By Vasia Rigou
“Before 2006, I had only been in nail salons a handful of times, for prom and maybe for my high-school graduation,” says Helen Maurene Cooper when asked about the story behind her upcoming artist book, “Paint & Polish.” “I had never worn acrylic nails, nor had I wanted to. I wore big combat boots with dragons painted up the sides and fishnets and black nail polish. My nails were short,” she says, adding, “I never went to nail shops because I didn’t see anything I desired or admired coming out of them.”
When the East Coast native moved to Illinois for her MFA degree at the School of the Art Institute of Chicago, she started experimenting with photography. “I produced elaborate staged photographs in which I was the protagonist, playing glamorized Southern feminine characters based on the women of Dynasty, Dallas and American country music of the 1970s,” she says. “As part of method acting for the characters I was playing, I spent five months wearing long, acrylic almond-shaped nails in monochrome colors. I tried to be as authentic as possible.” Eight years later, she found herself deep within a site-specific exploration of beauty in Chicago’s West Side, where “Chicago-style” nail art flourishes. Working within this beauty-centered community, her photography focused on specialty minority-owned nail businesses and took up subjects of feminism, entrepreneurship, the power of adornment and intimacy. Then came “Paint & Polish,” a project combining essays and oral histories in the form of conversations with nail salon owners and artists, with documentary-style portraits taken by Cooper and writing by Ryan Kenneth Blocker, Roula Seikaly and Patricia Reed.
“By 2007, I had taken my first teaching jobs, which required traversing the West and South Sides on the CTA,” she reminisces. “During this commute, I scoped out other women’s nails. I saw long acrylic nails where the design would vary from finger to finger, but the color palette would remain the same. The detail on each nail was precise, crisp, clean; flawless. I couldn’t help but ask where they got them done, and for months I got no answer.” It was winter of 2008, when a woman told her about a shop “somewhere on Chicago Avenue near Austin Street.”
“I found myself on the far West Side of Chicago, in a neighborhood I would never have visited otherwise.” she says. “I saw a shop with a fluorescent sign that identified it as ‘The Bottom’ and I entered.” Inside this vibrant community of “mothers and daughters, connected by both birth and mentorship, who have found long-term financial stability through craftsmanship and entrepreneurship,” as she describes it, Cooper knew she wanted to take photographs of this unique salon and tell the stories of the women who worked there—stories that define them individually and as a community and are just as unique as the custom nail designs they make. Most of the artists were African-American or Latinas working in this tiny slice of a multi-billion-dollar industry where nail artists travel the world for celebrity appointments and have gained prominence as internet tastemakers accumulating thousands of followers and spreading the latest trends on social media.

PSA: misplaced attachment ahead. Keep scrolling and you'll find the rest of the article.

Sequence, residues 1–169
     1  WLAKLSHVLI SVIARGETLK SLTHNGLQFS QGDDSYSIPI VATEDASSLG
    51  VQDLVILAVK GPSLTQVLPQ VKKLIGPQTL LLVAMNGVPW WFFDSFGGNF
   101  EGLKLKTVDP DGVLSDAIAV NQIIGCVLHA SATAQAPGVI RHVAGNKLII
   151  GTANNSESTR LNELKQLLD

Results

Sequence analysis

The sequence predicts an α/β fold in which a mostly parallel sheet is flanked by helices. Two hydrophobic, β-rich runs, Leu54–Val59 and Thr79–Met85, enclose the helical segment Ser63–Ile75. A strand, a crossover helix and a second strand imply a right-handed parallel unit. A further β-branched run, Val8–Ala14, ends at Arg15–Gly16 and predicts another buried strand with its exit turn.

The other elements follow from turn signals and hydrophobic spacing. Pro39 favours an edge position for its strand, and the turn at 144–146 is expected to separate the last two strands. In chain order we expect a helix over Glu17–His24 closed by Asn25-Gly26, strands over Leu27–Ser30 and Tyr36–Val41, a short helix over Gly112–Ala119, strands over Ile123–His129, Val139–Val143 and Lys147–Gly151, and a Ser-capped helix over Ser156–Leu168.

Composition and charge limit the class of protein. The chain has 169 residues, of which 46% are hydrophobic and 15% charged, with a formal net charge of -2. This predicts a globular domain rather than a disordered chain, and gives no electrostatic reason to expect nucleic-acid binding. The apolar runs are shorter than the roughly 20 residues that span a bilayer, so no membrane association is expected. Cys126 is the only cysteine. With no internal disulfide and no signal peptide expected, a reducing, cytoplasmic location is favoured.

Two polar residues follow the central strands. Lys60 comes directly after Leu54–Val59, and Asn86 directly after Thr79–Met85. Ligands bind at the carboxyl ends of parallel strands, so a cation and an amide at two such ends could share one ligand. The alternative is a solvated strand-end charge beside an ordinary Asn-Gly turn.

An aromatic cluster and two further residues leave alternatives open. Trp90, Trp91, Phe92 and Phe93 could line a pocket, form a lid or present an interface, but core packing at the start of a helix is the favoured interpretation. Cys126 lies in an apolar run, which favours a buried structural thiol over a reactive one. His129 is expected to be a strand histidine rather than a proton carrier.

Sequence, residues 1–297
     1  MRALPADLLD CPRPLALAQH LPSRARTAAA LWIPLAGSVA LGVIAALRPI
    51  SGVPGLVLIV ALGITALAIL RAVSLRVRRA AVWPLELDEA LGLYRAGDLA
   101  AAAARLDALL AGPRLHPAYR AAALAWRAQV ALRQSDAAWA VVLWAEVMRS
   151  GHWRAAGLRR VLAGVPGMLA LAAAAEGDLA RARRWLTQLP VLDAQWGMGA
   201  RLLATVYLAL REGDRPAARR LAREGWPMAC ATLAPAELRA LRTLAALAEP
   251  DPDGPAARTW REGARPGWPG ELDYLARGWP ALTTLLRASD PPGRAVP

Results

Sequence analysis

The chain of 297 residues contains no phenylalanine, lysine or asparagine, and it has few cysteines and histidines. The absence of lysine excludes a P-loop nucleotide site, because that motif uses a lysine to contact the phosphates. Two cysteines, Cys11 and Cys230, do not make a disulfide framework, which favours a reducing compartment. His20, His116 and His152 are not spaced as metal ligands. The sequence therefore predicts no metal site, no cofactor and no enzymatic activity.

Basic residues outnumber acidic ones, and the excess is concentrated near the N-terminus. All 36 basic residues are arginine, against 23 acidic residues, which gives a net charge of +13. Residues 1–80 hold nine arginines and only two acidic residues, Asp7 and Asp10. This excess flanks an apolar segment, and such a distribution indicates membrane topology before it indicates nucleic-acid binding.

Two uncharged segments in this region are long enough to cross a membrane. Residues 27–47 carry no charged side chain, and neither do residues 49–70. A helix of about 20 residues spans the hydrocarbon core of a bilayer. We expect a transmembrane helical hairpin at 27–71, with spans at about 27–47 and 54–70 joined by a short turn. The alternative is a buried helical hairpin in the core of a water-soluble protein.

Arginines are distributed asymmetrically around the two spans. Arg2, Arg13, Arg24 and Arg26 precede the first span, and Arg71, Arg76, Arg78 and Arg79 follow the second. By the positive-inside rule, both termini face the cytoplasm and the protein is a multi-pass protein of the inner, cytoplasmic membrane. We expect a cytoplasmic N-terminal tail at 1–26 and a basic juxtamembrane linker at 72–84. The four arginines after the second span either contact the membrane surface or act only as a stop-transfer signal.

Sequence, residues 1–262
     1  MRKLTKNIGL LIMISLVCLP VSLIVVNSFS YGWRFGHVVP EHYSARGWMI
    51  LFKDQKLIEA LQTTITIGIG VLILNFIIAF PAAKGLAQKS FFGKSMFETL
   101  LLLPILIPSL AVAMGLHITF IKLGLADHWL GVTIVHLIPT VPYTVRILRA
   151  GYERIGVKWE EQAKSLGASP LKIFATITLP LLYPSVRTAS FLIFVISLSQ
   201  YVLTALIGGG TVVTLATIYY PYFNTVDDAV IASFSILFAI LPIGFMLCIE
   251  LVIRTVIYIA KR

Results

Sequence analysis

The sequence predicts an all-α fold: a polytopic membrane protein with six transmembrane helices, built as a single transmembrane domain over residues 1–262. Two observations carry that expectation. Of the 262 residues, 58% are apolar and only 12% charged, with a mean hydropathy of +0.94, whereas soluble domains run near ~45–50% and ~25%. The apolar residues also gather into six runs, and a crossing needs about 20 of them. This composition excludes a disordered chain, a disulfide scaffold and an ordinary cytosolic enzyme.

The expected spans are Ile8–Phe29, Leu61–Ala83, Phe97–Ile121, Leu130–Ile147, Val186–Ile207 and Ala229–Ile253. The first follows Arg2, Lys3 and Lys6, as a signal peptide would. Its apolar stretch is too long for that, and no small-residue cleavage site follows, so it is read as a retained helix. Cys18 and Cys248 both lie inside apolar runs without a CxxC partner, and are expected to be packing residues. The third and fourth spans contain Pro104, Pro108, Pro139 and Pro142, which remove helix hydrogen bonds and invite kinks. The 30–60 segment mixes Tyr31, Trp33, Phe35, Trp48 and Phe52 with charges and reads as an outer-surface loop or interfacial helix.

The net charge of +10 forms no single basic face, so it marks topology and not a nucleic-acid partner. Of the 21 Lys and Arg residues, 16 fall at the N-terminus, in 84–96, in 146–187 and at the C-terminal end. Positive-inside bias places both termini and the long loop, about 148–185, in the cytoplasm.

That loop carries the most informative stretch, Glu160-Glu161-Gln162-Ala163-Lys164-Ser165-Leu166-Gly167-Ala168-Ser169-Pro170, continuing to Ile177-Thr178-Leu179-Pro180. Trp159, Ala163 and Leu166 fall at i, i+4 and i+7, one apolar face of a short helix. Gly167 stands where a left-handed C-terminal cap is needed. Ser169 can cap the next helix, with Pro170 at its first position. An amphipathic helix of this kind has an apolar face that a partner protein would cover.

Jackie Blue of “The Bottom” is one of the first African-American women to own a nail salon in Chicago and, as such, is a living legend. She has been invited to do her clients’ nails even after they’ve passed away, an unusual aspect of certain funeral arrangements. “She cultivated so many entrepreneurs and twenty years later she’s still thriving —she is the grandmother of it all” says Glynnus Alexander, nail artist, salon owner and instructor at Polished Nail Boutique & Academy. Loretta Gonzalez of “Beautiful Nails” and “Jazzy Nails” trained both of her daughters, Alexis, now of “Naughty Nailz,” and Regina, and has mentored countless other women in a shop that knows no race. “I would have anybody work in the shop that wanted to be there, whether they’d be Hispanic, white, black. It didn’t make any difference to me” she says explaining the importance of diversity at a time when still some Chicago neighborhoods remain heavily segregated. Yara Fernandez Ruiz of “Nailicious” began working as a nail artist as a teenager in Puerto Rico. After moving to Chicago at age eighteen, she got a job at a Burger King. It was there that Loretta Gonzalez noticed her nails. Within days she offered her a job. Now she is known for her flower motifs in paint and sculpted acrylic, and has her own celebrity clients.
An homage to lady hustlers everywhere, as Cooper calls them, “Paint & Polish” not only shares individual stories but dives into the Chicago nail world from socioeconomic and cultural perspectives. Cooper’s photographic series and the accompanying writing explores the aesthetics of a local cultural economy where “nail shapes—stilettos that end in a razor-sharp tip or blunted square edges, be they prismatic drags or stripes, squares, or inlays—these custom nails express the biographies of the sitters, the talent of the artists and the empowerment that springs from self-expression.”
Helen Maurene Cooper’s “Paint & Polish: Cultural Economy and Visual Culture from the West Side” will be available to order in late February at onomatopee.net.